feeds | grep links > More Criticism of Google Dart, New Site for Ubuntu Application Developers, Zero-Knowledge Private Messaging and File Transfers, and More

  • More criticism of Google’s plans for a JavaScript replacement
    Ryan Paul at Ars Technica has a round up of the largely critical responses to Dart, including more from the memo to which Brendan Eich responded earlier in the week. Paul lays out a stronger, healthier picture of JavaScript evolutions, despite setbacks, in the last couple of years and contrasts that to the challenges a completely new language will face. Arguably Google has kneecapped their own efforts by developing this language completely on their own, behind closed doors as Paul puts it. Paul places Dart in the larger context of many more “not-invented-here” efforts undertaken by Google to optimize and improve the web, moves he feels represent a certain detachment on the part of the search giant from the rest of the Web standards and development community.
  • Ubuntu web site launched to encourage developers
    The H Open has news of a site launched by Canonical to support both new developers and those existing working on Linux for the first time, both specifically for the Ubuntu Linux distribution. I know there are those critical of some of Canonical’s agenda but I think their focus on supporting development, especially what they’ve termed opportunistic development, is worthwhile.
  • Cloaklet, zero-knowledge private messaging and file transfer system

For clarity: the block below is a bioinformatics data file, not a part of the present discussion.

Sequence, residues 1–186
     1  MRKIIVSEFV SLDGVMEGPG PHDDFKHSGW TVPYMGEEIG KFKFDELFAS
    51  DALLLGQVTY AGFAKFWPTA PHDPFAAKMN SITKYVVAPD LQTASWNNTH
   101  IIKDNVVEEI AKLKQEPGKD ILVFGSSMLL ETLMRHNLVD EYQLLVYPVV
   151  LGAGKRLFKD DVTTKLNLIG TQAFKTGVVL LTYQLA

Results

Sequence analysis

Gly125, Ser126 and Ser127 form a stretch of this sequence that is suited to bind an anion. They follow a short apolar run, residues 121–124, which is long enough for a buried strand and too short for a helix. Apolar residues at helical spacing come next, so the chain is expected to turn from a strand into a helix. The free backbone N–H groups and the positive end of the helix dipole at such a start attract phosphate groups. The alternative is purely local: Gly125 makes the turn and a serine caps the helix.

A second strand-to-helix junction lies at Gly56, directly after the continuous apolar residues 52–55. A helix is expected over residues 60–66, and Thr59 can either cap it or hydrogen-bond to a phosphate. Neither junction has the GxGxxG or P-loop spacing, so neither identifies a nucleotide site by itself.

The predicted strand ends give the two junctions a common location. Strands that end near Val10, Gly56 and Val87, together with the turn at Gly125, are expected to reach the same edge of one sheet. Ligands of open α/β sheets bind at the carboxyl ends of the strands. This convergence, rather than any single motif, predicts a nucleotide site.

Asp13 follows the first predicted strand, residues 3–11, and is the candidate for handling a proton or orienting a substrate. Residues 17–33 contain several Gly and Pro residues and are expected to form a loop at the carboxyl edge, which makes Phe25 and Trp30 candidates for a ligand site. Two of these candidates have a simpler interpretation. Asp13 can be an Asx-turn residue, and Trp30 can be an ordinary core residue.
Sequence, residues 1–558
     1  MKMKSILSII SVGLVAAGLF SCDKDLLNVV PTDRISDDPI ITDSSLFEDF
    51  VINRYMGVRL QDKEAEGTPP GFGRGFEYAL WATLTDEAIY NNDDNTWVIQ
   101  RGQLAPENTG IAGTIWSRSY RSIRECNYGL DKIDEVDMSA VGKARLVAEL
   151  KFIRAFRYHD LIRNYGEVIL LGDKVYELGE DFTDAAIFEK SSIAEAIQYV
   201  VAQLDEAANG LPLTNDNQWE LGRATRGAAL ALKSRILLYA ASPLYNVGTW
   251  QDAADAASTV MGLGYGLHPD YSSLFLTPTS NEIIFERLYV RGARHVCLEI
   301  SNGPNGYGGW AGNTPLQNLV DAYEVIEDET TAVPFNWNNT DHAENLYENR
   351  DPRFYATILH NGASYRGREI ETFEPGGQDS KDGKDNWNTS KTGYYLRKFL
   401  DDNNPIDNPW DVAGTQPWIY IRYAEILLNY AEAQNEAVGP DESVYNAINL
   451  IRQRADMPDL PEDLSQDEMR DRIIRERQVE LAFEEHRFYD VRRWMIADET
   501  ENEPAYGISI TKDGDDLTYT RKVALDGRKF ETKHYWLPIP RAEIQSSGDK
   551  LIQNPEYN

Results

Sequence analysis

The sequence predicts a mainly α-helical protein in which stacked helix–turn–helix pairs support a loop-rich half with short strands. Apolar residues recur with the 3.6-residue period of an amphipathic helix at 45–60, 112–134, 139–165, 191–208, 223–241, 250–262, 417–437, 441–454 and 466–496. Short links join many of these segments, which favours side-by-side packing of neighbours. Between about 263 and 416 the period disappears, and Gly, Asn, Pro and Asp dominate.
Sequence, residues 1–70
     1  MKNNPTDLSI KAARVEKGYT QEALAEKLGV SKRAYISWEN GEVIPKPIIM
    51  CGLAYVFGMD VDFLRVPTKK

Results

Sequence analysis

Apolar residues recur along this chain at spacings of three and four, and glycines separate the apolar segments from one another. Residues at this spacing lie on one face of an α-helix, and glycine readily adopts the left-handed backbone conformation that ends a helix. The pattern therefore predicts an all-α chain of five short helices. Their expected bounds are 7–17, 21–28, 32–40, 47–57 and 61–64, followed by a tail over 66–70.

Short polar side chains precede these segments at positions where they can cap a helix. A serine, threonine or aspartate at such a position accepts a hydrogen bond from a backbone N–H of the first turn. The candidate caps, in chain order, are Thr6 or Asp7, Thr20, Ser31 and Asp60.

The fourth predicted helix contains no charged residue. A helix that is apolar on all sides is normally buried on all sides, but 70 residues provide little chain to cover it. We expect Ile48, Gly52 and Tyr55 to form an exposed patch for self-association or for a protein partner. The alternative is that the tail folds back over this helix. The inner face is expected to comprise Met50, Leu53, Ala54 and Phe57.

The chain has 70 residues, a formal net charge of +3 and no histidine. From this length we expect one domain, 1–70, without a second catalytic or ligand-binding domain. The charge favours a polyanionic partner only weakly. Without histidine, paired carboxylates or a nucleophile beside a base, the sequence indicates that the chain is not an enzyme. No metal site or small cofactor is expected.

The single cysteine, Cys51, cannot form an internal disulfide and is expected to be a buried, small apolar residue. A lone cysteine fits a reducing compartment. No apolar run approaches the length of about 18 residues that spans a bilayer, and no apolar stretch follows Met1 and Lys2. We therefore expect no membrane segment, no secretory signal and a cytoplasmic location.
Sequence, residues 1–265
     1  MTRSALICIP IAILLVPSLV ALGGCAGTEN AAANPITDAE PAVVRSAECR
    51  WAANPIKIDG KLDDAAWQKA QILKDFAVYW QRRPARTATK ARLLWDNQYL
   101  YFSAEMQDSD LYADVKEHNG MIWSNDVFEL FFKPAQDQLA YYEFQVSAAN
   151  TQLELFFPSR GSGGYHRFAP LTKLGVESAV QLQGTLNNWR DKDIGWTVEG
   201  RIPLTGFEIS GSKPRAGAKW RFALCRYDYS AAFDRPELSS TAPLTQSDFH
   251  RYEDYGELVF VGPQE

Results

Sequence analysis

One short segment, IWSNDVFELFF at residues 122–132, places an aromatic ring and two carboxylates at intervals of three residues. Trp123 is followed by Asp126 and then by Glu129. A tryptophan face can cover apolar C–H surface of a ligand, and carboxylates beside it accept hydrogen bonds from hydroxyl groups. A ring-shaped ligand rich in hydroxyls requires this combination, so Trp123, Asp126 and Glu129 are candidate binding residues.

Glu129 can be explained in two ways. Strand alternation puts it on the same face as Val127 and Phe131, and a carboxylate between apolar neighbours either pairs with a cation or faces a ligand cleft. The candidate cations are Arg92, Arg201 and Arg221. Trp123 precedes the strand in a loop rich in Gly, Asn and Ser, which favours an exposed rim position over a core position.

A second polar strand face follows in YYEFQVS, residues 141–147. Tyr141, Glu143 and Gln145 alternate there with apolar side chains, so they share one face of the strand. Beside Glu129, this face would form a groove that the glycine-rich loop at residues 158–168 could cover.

Cory at BoingBoing links to what could prove to be an interesting tool for the privacy conscious and those looking to access knowledge and communicate despite censorious regimes. Cory correctly points out that the sources will need scrutiny from those in the security field to determine whether the ambitious claims are justified. For now, despite the claimed similarities to anonymous remailers, to use Cloaklet you need to connect to the servers they provide. Being able to stand up independent servers will also be a strong proof of how secure and private the system truly is.
  • Developers upload their own game to The Pirate Bay, find doing so increases sales, Ubuntu Vibes via Slashdot
  • 9 MIT Media Lab ideas that are changing lives, or soon will, The Atlantic
  • Tablet-ready version of Firefox for Android released, Webmonkey at Wired
  • A moral argument for hard science fiction, Tor.com

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